Importance: For men with metastatic castration-resistant prostate cancer (mCRPC) whose condition is responding to enzalutamide, new unconfirmed bone lesions detected at posttreatment scinitigraphy may reflect an osteoblastic reaction that represents healing, known as pseudoprogression, which can lead to premature discontinuation of therapy.
Objective: To determine the association between new unconfirmed lesions detected on a follow-up bone scintigram (bone scan) and outcomes in enzalutamide-treated men with mCRPC.
Design, setting, and participants: This post hoc, retrospective secondary analysis of 1672 enzalutamide-treated men from 2 phase 3, randomized mCRPC studies (PREVAIL and AFFIRM) before or after treatment with docetaxel was conducted from April 12, 2018, to July 25, 2019. Participants were men from the enzalutamide groups of the 2 studies with a decrease in prostate-specific antigen level at any time or with stable disease or soft-tissue disease responding to treatment based onradiologic findings.
Intervention: Enzalutamide, 160 mg once daily.
Main outcomes and measures: The clinical significance of new lesions detected on the first (early) or second (late) posttreatment bone scan, without an unfavorable change in prostate-specific antigen level or soft-tissue progression, was investigated. Associations of new unconfirmed lesions with radiographic progression-free survival, overall survival, decrease in prostate-specific antigen level, objective response in soft tissue, and quality of life were evaluated.
Results: Among the 643 men (median age, 72 years [range, 43-93 years]) in PREVAIL, early and late unconfirmed lesions were observed in 177 men (27.5%) with stable disease or disease responding to enzalutamide. Among the 404 men (median age, 70 years [range, 41-88 years]) in AFFIRM, early and late unconfirmed lesions were observed in 73 men (18.1%) with stable disease or disease responding to enzalutamide. In PREVAIL, men with new unconfirmed lesions had median radiographic progression-free survival (hazard ratio [HR], 1.37 [95% CI, 0.81-2.30]; P = .23) and median overall survival (HR, 1.25 [95% CI, 0.85-1.83]) in the chemotherapy-naive setting similar to men those of men without such new lesions. In AFFIRM, the median overall survival (HR, 1.94 [95% CI, 1.10-3.44]) was reduced among men with unconfirmed bone lesions, but the median radiographic progression-free survival was not reduced (HR, 1.21 [95% CI, 0.83-1.75]; P = .32). Quality of life over time was similar regardless of the presence of new unconfirmed lesions detected on a follow-up bone scan in either setting.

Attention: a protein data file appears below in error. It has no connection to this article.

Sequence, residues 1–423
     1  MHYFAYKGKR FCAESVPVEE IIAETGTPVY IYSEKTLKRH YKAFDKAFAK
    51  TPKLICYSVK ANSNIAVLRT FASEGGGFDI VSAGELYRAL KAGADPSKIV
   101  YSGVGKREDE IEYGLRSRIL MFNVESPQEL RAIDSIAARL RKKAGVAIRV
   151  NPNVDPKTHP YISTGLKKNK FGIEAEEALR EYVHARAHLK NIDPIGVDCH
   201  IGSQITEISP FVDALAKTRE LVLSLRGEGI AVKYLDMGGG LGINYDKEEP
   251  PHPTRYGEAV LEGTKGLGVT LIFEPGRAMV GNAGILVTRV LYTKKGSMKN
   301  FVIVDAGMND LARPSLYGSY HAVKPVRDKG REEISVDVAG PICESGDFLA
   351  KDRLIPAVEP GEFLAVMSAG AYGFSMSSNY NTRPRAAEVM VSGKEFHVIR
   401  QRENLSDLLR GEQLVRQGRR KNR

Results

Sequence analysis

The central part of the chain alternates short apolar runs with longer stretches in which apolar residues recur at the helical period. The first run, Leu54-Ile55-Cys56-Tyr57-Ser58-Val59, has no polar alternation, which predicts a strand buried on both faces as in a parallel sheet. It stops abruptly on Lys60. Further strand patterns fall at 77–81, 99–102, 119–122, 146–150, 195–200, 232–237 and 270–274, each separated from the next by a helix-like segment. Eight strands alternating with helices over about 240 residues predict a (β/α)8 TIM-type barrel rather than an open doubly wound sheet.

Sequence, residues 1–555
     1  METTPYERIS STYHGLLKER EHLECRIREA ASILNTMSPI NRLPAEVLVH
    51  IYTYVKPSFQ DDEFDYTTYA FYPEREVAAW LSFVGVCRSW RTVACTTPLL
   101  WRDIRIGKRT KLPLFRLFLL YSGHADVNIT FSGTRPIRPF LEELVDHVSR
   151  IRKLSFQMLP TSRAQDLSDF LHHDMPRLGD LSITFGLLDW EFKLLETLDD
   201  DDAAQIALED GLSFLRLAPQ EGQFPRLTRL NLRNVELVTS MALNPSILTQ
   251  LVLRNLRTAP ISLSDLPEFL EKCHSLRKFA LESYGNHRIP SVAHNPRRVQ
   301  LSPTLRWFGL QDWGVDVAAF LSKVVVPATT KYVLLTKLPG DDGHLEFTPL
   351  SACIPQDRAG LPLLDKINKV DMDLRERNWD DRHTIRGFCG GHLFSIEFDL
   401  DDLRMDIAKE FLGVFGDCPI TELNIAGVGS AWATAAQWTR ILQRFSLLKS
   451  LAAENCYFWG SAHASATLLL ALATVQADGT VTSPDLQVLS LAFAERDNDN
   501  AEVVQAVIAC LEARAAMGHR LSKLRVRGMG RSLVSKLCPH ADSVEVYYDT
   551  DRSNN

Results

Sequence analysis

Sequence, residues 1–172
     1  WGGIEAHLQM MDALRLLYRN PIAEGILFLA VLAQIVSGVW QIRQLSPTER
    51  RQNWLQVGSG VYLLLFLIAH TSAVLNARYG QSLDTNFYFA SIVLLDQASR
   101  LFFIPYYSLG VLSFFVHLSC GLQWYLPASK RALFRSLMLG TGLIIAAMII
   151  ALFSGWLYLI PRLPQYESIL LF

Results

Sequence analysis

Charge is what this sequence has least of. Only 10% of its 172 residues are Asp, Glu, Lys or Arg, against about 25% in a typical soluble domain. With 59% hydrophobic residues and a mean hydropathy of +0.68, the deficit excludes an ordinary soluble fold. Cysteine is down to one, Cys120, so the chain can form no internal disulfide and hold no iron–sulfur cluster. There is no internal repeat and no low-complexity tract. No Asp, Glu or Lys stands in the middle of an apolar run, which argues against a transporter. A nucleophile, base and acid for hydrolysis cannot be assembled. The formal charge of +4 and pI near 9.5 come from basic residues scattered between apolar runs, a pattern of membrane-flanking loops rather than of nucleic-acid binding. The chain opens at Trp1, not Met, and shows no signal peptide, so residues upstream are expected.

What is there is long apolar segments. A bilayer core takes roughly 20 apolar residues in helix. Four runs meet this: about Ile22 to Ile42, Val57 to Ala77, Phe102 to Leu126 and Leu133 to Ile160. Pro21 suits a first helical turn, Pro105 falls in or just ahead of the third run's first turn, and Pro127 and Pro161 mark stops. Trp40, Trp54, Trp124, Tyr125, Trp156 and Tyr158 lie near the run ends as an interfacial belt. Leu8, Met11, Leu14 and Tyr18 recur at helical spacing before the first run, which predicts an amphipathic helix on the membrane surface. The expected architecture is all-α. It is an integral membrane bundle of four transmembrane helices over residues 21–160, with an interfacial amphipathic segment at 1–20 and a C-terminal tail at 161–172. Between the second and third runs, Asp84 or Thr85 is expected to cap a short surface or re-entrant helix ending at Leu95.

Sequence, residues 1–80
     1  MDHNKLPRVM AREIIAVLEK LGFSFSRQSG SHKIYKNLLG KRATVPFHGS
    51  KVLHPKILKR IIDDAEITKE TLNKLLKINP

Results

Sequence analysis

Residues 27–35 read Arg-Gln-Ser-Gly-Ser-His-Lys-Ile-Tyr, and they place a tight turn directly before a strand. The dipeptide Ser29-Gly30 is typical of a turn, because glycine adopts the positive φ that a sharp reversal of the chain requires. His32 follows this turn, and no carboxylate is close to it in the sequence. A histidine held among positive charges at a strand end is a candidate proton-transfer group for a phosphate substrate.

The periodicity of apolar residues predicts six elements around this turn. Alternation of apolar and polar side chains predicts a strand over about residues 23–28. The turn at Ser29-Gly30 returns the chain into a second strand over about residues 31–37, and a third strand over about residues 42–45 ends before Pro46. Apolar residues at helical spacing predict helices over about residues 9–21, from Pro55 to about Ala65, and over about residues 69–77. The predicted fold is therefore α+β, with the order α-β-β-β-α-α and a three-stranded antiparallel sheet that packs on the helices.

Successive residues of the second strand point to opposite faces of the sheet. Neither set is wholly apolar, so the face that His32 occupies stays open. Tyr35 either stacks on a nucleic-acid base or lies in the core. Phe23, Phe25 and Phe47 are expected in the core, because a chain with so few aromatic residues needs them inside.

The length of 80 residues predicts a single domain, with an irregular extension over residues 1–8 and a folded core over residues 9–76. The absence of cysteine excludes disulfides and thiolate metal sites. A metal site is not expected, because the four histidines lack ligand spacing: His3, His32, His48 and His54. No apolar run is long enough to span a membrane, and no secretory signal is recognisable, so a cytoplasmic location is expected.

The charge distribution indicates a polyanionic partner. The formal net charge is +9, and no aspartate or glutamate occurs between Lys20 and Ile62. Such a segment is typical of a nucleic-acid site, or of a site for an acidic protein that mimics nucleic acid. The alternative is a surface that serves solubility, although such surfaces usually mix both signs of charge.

Conclusions and relevance: These results suggest that new unconfirmed lesions detected on follow-up bone scans may represent pseudoprogression in men with mCRPC and are indicative of a favorable treatment response to enzalutamide. The detection of new unconfirmed bone lesions in men with mCRPC that responded to treatment with enzalutamide after docetaxel appears to be associated with worse overall survival and may represent true progression, thus highlighting the need for improved functional bone metastasis imaging.